The Nepalese government has recently announced its ambition to significantly reduce waste disposal at landfills by 2030, as part of a long-term strategy towards zero waste. In 2018, a new public-private partnership was formed with the Finnish-Nepalese joint venture Nepwaste to build a waste management scheme for the next 20 years, after which the services should again become handled by the municipality. The company now supervises about 65 waste companies in door-to-door collection, street sweeping, riverbank clean-ups, recycling, and final disposal activities in Kathmandu and nine neighboring municipalities. That promises to improve waste collection and infrastructure, as a new transfer station (in the area of Teku), a processing facility (to separate organic and non-organic waste and produce fertilizer, natural gas, and electricity), and a new landfill (in Bancharadanda) are being built. The Bancharadanda landfill was planned to open in 2021 to replace Sisdol as the municipal landfill and should only receive waste that cannot be segregated before, so the plans.  However, constructions became delayed due to negligence of contractors so that in 2020 KMC started to consider temporary alternative disposal sites .
Despite these plans, most of the recycling, however, remains carried out by the informal sector which includes door-to-door collection (often with some reimbursement) and waste picking in the streets, at informal dumpsites and the riverbanks (where still a lot of waste is irregularly dumped), at transfer stations (some of which are run by privates), and landfills, so that relatively high recycling rates are achieved (for example 50 percent for scrap).  There are between 10,000 and 15,000 waste pickers in the Kathmandu valley, many of them living in informal settlements along the riverbanks . They usually work independently and – especially at landfills and transfer stations, where the majority of pickers are women – are exposed to dangerous and unhealthy conditions, including toxic fumes and contact with hazardous waste (chemicals, batteries, mercury-containing, and hospital waste). Many of them belong to lower castes and, despite the formal abolition of the caste system, continue to face social stigmatization and discrimination, also because working with waste is socially considered as “unclean” and “work of the Dalits”. Perhaps the most vulnerable ones are people informally employed by scrap shop dealers, as they are under permanent pressure to perform. Kathmandu is estimated to have about 700 to 800 unregistered scrap dealers (so-called kabaddis). On the other hand, informal door-to-door collectors, who are mostly Indian men, are in a better position. Most of the recycled scrap is informally exported to India, which is a lucrative business that is also mostly managed by the Indian community.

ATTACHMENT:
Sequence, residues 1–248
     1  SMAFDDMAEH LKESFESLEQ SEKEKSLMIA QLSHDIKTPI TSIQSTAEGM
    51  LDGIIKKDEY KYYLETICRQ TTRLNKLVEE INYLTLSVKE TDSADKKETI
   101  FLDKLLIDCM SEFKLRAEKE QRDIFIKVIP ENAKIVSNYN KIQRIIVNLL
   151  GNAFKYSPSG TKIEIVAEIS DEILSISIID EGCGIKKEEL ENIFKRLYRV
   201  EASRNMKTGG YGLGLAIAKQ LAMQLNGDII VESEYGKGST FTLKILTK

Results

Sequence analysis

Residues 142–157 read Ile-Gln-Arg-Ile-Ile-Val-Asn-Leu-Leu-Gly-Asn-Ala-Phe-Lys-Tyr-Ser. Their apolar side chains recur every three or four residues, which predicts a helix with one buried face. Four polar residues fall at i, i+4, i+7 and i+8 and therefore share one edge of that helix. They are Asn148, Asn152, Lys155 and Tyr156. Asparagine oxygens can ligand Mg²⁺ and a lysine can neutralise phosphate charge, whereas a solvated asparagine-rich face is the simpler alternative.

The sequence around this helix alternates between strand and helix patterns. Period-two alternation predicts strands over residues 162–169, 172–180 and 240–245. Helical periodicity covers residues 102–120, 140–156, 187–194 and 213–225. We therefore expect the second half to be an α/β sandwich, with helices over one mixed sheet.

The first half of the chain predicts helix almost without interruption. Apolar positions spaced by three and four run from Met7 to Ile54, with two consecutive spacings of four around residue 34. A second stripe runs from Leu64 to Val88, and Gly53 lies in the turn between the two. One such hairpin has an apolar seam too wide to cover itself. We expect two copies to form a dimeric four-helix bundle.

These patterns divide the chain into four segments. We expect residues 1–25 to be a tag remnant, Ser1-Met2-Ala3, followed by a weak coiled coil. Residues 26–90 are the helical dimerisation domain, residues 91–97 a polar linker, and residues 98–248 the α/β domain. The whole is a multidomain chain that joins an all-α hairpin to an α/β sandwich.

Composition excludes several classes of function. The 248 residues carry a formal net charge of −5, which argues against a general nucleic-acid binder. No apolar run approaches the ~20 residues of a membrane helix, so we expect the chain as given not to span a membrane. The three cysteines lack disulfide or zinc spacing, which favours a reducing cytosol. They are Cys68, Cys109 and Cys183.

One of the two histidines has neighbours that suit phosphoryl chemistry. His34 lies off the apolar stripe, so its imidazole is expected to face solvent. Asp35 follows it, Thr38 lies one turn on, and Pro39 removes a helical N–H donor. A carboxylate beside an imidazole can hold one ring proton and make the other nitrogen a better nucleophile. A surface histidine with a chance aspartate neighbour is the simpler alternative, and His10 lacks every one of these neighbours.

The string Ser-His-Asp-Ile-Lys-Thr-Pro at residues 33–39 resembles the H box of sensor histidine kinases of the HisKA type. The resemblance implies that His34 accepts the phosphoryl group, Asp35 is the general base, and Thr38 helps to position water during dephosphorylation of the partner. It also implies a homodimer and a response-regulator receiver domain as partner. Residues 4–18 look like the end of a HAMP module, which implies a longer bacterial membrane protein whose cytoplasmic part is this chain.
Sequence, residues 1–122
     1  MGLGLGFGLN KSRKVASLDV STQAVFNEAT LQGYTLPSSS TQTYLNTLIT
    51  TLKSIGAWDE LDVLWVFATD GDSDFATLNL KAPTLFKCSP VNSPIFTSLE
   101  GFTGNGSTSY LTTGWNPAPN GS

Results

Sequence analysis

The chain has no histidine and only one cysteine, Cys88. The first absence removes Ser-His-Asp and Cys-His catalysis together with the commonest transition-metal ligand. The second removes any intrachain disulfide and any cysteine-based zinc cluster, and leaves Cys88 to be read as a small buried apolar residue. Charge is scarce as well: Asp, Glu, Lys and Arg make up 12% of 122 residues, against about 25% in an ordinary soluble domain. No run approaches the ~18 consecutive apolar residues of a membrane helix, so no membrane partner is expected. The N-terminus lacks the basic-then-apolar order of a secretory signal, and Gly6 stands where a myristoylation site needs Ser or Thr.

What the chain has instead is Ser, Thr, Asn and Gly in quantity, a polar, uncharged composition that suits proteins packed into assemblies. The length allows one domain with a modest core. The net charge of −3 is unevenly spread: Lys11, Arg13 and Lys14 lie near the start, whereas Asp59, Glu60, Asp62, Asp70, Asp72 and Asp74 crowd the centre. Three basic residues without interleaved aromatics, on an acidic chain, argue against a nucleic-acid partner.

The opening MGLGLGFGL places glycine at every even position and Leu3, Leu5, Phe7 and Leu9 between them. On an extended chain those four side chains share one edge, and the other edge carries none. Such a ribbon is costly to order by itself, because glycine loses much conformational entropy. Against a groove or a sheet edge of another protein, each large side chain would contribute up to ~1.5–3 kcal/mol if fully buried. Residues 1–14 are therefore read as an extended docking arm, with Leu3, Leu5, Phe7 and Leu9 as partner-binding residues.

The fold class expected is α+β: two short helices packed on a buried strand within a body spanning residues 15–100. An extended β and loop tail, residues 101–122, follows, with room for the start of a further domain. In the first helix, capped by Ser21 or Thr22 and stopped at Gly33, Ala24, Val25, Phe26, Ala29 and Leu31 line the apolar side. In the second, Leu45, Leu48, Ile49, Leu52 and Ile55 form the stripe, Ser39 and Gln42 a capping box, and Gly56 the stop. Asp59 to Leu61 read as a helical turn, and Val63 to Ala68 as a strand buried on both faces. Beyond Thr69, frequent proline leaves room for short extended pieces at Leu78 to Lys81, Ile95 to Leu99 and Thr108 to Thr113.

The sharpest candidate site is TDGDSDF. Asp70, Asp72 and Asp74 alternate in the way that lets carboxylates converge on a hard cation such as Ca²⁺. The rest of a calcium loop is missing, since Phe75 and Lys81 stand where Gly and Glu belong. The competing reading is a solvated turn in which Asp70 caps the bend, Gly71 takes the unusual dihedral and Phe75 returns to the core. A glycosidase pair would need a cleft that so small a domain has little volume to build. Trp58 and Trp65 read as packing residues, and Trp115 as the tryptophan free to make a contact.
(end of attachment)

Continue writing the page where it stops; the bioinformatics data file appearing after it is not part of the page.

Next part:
There have been grassroots efforts to improve the situation of the waste picker community. In 2013, the international NGO Practical Action initiated the PRISM project (“Poverty Reduction of Informal Workers in Solid Waste Management Sector”) in five municipalities of the Kathmandu Valley, with the objective to raise public awareness for the contribution of informal waste workers and to enhance social protection and recognition. It among others launched workshops, signature campaigns, presentations and performances, consultative workshops, and a demonstration march. In one event about 750 people – officials, media, citizens, and representatives from civil society and various sectors - participated. It also helped to form a new waste picker association and cooperative called Samyukta Safai Jagaran (SASAJA).  The project specifically worked with women waste picker groups, for example one called Hamro Mahila Samuha, which aims to strengthen women’s social recognition and protection in the sector. A group of women waste pickers benefited from training in entrepreneurship skill development in order to make them less dependent on exploitative forms of employment. 
The NGO in 2014 claimed that the project, which received EU funding, has improved the situation of waste pickers who had benefited from capacity-building, protective gear, access to bank accounts and credits, annual health checks, schooling for children, as well as higher income. Some waste pickers were also encouraged to form small businesses. 
However, it remains unclear how the new landfill plans will affect the community, and whether the recently adopted Labour Act and Contributions Based Social Security Act – which promises to improve the rights of informal workers, including possible access to social security – will be effectively implemented.